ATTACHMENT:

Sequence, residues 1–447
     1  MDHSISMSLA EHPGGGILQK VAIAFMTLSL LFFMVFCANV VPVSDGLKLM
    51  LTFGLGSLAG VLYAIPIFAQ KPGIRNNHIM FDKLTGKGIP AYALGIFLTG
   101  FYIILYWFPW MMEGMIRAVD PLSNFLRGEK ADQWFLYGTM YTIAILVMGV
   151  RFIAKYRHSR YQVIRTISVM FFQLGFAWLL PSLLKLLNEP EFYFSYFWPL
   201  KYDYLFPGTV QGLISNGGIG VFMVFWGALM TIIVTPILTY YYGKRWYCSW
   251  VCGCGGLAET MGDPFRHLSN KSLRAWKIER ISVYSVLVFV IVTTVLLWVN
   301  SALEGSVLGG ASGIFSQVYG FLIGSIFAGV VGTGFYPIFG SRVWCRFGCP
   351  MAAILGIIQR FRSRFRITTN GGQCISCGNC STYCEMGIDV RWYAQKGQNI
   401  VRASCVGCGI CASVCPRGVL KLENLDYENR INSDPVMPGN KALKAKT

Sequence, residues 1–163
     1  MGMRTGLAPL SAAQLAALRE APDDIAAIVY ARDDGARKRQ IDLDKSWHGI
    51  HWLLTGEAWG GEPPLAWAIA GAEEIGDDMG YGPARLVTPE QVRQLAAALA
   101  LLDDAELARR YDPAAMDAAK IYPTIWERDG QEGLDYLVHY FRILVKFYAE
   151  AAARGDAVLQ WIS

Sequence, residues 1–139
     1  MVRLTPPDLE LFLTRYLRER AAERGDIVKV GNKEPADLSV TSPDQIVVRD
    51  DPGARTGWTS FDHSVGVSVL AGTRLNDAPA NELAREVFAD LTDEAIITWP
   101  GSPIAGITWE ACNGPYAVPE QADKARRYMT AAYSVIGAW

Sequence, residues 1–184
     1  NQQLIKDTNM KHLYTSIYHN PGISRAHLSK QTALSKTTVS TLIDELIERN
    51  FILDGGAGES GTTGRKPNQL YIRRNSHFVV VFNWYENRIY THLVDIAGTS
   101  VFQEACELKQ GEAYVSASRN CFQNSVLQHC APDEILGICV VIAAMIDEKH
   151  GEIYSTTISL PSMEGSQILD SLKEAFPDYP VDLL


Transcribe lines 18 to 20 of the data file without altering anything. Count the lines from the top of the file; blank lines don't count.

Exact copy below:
    51  DPGARTGWTS FDHSVGVSVL AGTRLNDAPA NELAREVFAD LTDEAIITWP
   101  GSPIAGITWE ACNGPYAVPE QADKARRYMT AAYSVIGAW

Sequence, residues 1–184